Skip to main content
Guiding you to a better future


For a successful business, you need a viable business idea, the skills to make it work and the funding. Discover whether your idea has what it takes.

Forming your business correctly is essential to ensure you are protected and you comply with the rules. Learn how to set up your business.

It is likely you will need funding to start your business unless you have your own money. Discover some of the main sources of start up funding.

Businesses and individuals must account for and pay various taxes. Understand your tax obligations and how to file, account and pay any taxes you owe.

Businesses are required to comply with a wide range of business laws. We introduce the main rules and regulations you must comply with.

Learn why business planning is an essential exercise if your business is to start and grow successfully, attract funding or target new markets.

Marketing matters. It drives sales and helps promote your brand and products. Discover how to market your business and reach your target customers.

Some businesses need a high street location whilst others can be run from home. Understand the key factors from cost to location, size to security.

Your employees can your biggest asset. They can also be your biggest challenge. We explain how to recruitment and manage staff successfully.

It is likely your business could not function without some form of IT. Learn how to specify, buy, maintain and secure your business IT.

Few businesses manage the leap from start up to high-growth business. Learn what it takes to scale up and take your business to the next level.

Will Freedom Day see a rush back to the office?

6 July 2021

The government will remove the vast majority of COVID restrictions from 19 July - although it is urging people and businesses to remain cautious - but not everyone thinks a mass return to the workplace is a good idea.

Prime minister Boris Johnson has announced that after 19 July, the government will no longer instruct people to work from home and it will be up to businesses to manage a safe return to the workplace for their employees.

However, the Chartered Institute of Personnel and Development (CIPD) has urged businesses not to go back to the way things were before COVID once restrictions are lifted.

Peter Cheese, CIPD chief executive, said: "Freedom Day shouldn't signal a mass return to workplaces, but it could signal the start of greater freedom and flexibility in how, when and where people work … Businesses shouldn't rush to simply revert to how they used to work now we have experience and evidence that it can be done differently, and with positive impacts on employee health and wellbeing, inclusion and productivity."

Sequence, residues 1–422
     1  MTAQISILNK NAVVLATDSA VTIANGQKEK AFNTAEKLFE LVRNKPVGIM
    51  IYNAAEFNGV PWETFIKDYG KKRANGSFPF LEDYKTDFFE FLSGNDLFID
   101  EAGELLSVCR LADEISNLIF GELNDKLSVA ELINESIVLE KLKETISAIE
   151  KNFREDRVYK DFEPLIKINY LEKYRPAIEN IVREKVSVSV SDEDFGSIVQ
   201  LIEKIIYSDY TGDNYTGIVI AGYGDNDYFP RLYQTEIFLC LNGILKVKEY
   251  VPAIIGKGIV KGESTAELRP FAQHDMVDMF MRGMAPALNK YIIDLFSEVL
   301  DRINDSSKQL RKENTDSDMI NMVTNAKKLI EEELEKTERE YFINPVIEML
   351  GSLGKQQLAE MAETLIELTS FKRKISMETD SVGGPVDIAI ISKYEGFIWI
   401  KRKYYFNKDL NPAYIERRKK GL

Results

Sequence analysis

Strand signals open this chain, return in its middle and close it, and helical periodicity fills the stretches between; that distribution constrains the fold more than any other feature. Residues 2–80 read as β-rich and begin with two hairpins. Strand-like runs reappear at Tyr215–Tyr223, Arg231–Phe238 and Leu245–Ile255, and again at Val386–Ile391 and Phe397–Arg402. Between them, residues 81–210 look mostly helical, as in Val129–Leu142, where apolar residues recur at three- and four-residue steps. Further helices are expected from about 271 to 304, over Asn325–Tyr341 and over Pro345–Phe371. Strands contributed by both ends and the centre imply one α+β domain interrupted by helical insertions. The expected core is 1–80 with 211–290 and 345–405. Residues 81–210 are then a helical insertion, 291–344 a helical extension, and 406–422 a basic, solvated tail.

Cheese also urged employers to be careful, saying: "Regardless of any changes to official guidance from 19 July, employers should continue to ensure that they have the necessary measures in place to give confidence to workers that their workplace is safe … This will be particularly important in these early weeks while the vaccination programme is still ongoing."

However, a new survey of over 2,000 office workers by Find Out Now for Ezra suggests that many workers are keen to get back into their workplace. Its findings show that 30% of office workers have already returned full-time and a further 24% have returned on a part-time basis. Workers polled were asked what positive impact a return to the workplace has had on their lives - 29% cited work-life balance, 23% said their productivity had improved and 13% said returning to the workplace had improved their opportunities for career progression.

Even so, 26% of office workers surveyed said they would be willing to take a reduced level of income in order to maintain a flexible working lifestyle and the same number said they would look for another job if their employer failed to offer flexible working.

"It seems as though the shine is starting to fade on the working from home culture with more and more of us choosing to return to the office, perhaps with a little encouragement from our employers in some cases," said Nick Goldberg, founder of Ezra. "The process of going to a place of work allows us to define clear boundaries and allows us to switch on and off more effectively when it matters. As much as we need to perform professionally, the ability to rest and recuperate at the end of the day is also incredibly important and this is something we've lost since our homes have become our offices."

Interestingly, it seems that the number of cyberattacks on UK companies has fallen in the past three months since workers started returning to the workplace. It is the first drop in cyberattacks in the UK for almost three years according to a new study by Beaming.

Sonia Blizzard, managing director of Beaming, said: "Cyberattacks on businesses surged when the UK went into lockdown last year as criminals sensed the opportunity to take advantage of under-protected home workers… These new normal working practices are inherently insecure and increase the risk of a breach."

Written by Rachel Miller.

Stay up-to-date with business advice and news

Sign up to this lively and colourful newsletter for new and more established small businesses.

Contact us

Make an enquiry